Super grass: the arching, architectural forms of wild meadows
Michael Viney: Wild grasses have loved the mood swings of our climate this year
Cocksfoot grass: their hint of purple strong against the light in a sunny meadow
Weeks of cold, raw, early rain, then droughty weeks of a misplaced summer; weeks of showery rain again, some of it teasingly warm: such are the mood swings of climate now.
Wild grasses have loved it for the timeless time being, thrusting up into flowers, panicles, awns, the pollens of July dusting over the hilly distances and dulling the greens to beige.
One grass that gets no chance to flower is the Lolium perenne of Ireland’s farming fields. Perennial ryegrass, the cud for cattle, is chopped off and furled into silage before it can spend its energy on sex. Its ratty little pigtail of a flower spike is no loss to art.
The flowers in my drawing are cocksfoot, their hint of purple stronger against the light in a sunny meadow. In the days when there was time enough to consider such things, its chunky spikelets could rhyme, in the mind’s eye, with the stubby feet of fowl.
In the days when Patrick Kavanagh could write of “the wet leaves of cocksfoot that polish a farmer’s boots”, it was still a grass for seeding hay meadows in Monaghan, its tall, dense tussocks growing up to a metre high in masses of leafy herbage.
In the years before “the ryegrass revolution”, circa the 1960s, grasses such as cocksfoot and timothy could, indeed, handsomely outperform Lolium. In his magisterial book The Grasses of Ireland (2012), John Feehan promised that cocksfoot “can produce immense crops on good, damp soils, and is able to withstand prolonged droughts because it roots deeply”.
He goes on: “It had been known to yield the astonishing weight of 73 tonnes per acre at three consecutive cuttings, combined in one season.” But its big, boot-polishing tussocks eventually went against it, along with the greater spring of ryegrass under hooves, its greater digestibility and a tolerance of repeated cropping.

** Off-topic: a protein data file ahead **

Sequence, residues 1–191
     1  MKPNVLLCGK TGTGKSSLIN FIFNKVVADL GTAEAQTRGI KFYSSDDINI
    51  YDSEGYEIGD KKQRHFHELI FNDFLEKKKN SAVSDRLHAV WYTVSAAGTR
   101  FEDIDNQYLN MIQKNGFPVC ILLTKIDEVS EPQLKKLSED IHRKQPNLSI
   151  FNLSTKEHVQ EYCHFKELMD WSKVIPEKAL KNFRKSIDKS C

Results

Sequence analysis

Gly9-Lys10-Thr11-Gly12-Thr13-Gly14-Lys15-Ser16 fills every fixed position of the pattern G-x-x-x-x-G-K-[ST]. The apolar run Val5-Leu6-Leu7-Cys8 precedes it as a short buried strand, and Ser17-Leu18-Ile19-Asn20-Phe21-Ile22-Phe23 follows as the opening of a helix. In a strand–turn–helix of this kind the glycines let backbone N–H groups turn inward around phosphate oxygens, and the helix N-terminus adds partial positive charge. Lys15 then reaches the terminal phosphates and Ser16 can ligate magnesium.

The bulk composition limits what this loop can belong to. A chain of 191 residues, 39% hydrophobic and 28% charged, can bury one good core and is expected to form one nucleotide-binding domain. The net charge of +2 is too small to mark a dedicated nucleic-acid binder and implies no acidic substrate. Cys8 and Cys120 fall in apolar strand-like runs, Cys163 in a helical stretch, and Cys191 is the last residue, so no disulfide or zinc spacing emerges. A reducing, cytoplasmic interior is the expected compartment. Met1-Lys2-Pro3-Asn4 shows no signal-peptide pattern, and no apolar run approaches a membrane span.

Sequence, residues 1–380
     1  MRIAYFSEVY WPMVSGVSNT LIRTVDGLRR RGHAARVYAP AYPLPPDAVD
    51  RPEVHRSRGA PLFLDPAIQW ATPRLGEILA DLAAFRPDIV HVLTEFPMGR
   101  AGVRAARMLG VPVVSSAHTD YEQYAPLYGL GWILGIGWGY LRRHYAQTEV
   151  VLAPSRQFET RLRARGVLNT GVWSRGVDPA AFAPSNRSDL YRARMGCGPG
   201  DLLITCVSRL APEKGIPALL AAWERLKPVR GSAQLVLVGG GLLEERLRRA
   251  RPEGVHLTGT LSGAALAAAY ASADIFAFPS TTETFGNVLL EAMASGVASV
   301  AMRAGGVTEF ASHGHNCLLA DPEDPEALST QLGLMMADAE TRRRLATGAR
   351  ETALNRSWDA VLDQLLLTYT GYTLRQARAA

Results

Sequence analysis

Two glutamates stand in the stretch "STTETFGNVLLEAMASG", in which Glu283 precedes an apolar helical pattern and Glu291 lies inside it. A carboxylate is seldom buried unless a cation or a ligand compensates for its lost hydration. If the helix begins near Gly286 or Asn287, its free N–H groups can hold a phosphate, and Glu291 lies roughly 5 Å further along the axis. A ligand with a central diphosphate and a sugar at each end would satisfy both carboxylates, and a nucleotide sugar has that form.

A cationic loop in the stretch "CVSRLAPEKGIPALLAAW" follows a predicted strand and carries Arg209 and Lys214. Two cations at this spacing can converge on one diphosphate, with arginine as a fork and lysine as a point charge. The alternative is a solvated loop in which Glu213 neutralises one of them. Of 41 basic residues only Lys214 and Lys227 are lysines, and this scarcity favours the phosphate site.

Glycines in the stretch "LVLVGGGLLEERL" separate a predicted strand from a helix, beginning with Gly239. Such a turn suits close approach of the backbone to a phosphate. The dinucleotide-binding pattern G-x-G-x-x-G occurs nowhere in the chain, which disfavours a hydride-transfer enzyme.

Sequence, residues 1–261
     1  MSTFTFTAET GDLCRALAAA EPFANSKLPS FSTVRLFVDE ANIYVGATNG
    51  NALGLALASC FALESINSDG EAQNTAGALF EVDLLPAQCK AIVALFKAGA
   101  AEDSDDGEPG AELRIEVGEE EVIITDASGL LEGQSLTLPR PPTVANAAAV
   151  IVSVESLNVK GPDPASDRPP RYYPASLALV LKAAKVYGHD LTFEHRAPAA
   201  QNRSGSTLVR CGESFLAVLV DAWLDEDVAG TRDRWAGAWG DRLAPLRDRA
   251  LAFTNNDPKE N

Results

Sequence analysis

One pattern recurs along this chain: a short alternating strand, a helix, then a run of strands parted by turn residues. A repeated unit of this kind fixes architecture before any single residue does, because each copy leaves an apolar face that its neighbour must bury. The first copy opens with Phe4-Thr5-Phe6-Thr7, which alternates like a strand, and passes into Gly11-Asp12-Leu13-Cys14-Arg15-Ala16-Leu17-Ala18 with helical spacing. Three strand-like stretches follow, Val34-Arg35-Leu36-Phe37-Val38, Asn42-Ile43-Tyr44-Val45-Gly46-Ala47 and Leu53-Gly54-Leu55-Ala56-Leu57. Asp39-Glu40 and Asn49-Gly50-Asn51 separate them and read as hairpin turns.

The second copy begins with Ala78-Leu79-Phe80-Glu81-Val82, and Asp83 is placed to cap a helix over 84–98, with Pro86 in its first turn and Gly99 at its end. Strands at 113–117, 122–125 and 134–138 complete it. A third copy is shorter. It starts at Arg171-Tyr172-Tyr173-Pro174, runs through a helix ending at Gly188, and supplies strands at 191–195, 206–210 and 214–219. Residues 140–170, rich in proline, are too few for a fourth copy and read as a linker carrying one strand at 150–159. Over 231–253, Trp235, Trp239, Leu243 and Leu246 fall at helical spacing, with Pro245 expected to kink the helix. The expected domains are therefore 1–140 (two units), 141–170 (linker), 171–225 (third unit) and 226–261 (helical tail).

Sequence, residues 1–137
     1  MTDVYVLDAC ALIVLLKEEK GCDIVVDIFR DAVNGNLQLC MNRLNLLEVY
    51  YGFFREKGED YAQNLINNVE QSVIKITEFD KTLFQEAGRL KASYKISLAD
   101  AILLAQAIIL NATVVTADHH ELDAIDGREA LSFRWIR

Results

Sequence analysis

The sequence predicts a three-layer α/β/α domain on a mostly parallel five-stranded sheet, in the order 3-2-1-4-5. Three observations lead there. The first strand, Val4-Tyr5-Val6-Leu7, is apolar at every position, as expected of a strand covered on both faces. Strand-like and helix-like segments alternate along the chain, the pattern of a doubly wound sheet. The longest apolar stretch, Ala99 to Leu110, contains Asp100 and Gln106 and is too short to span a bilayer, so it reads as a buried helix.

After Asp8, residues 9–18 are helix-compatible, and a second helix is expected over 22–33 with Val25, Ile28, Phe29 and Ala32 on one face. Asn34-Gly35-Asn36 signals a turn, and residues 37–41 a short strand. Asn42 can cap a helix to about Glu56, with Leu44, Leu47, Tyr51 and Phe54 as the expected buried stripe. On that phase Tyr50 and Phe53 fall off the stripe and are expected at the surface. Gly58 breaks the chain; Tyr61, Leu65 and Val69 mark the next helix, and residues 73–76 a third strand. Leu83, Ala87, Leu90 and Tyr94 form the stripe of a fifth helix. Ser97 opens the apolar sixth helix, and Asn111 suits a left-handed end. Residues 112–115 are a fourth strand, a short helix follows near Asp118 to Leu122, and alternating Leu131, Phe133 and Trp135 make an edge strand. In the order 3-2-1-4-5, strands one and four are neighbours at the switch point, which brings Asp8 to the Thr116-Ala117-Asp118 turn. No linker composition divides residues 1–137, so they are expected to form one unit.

Feehan’s book, co-authored with Dr Helen Sheridan and adorned by fine photography and lovely old botanical illustrations, was published by Teagasc and University College Dublin and merited a swift reprint “for Christmas”. Teagasc still has a few, at €30 plus €9 postage. (I saw a first edition on Ebay at $173.)
Not everyone may need to know so much about Ireland’s 130-odd kinds of grasses. I had not noticed, for example, that when the flowers of purple moorgrass open early in the morning, “it is as though a little light comes on inside each”, or thought to chew a stem of sweet vernal grass for its “lavender-like flavour”.
It was news, too, that cocksfoot supports no fewer than 139 invertebrate lives, among them some 50 kinds of moths, large and small, and more than a dozen butterflies.
Grasses in flower don’t need strong colours to attract pollinators: their seeds are broadcast by the wind. But the lockdown with garden or wayside at hand may well have brought a more sensitive eye to their feathery, plumed, strokable, arching, architectural, wind-chime forms.
This will prompt the usual power-hungry need for a name, some of them instantly comfortable: meadow foxtail, crested dog’s tail, giant fescue, Yorkshire fog. For such honest appetites, the National Biodiversity Data Centre has published a “field-friendly” 164-page guide to identifying some 100 Irish species. It is available online for €15 at biodiversityireland.ie.
This summer, too, the Irish members of the Botanical Society of Britain and Ireland (BSBI) have launched an “Irish grasslands project”, backed by the National Parks & Wildlife Service and the CEDAR centre in Northern Ireland.
This offers five free hour-long training courses online (three still to go) exploring Ireland’s semi-natural grasslands and helping identification skills. “Grass of the week” features are posted on Facebook and Twitter (more at bsbi.org/irish-grasslands-project).
Semi-natural grasslands are those cleared of Ireland’s original woods but never ploughed, reseeded or annually “improved” with chemicals. A national survey took six years to map their habitats for conservation potential.
A third of the top-quality sites were in the drumlin country of Co Leitrim – this despite the great swathes of conifer forestry. Another prime site was the bankside meadows, never ploughed but often flooded, of the Shannon callows.
Between the two areas, in a pilot development funded by the European Union, 31 small farmers entered many parcels of land in a project weightily named RBAPS, or Developing Results Based Payment Schemes.
Monitored through 2016 and 2017, they were rewarded for effort in conserving plant species, the rare marsh fritillary butterfly, waders and other ground-nesting birds. The payments were awarded “on the condition of the biodiversity maintained, rather than carrying out specific management actions”.
The trial was judged a success, not least in showing how tiered payments “incentivise higher quality results”.